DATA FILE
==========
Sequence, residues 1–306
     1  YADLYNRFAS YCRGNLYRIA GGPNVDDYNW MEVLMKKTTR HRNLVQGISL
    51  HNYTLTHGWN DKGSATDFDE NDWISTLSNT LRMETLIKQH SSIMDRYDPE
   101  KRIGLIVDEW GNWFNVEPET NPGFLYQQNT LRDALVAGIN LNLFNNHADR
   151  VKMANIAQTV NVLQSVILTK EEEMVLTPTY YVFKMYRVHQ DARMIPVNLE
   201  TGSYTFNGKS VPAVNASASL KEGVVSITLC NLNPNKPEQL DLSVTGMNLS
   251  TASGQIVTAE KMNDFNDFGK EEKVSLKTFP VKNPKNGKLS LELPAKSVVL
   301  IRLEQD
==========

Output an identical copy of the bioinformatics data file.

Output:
Sequence, residues 1–306
     1  YADLYNRFAS YCRGNLYRIA GGPNVDDYNW MEVLMKKTTR HRNLVQGISL
    51  HNYTLTHGWN DKGSATDFDE NDWISTLSNT LRMETLIKQH SSIMDRYDPE
   101  KRIGLIVDEW GNWFNVEPET NPGFLYQQNT LRDALVAGIN LNLFNNHADR
   151  VKMANIAQTV NVLQSVILTK EEEMVLTPTY YVFKMYRVHQ DARMIPVNLE
   201  TGSYTFNGKS VPAVNASASL KEGVVSITLC NLNPNKPEQL DLSVTGMNLS
   251  TASGQIVTAE KMNDFNDFGK EEKVSLKTFP VKNPKNGKLS LELPAKSVVL
   301  IRLEQD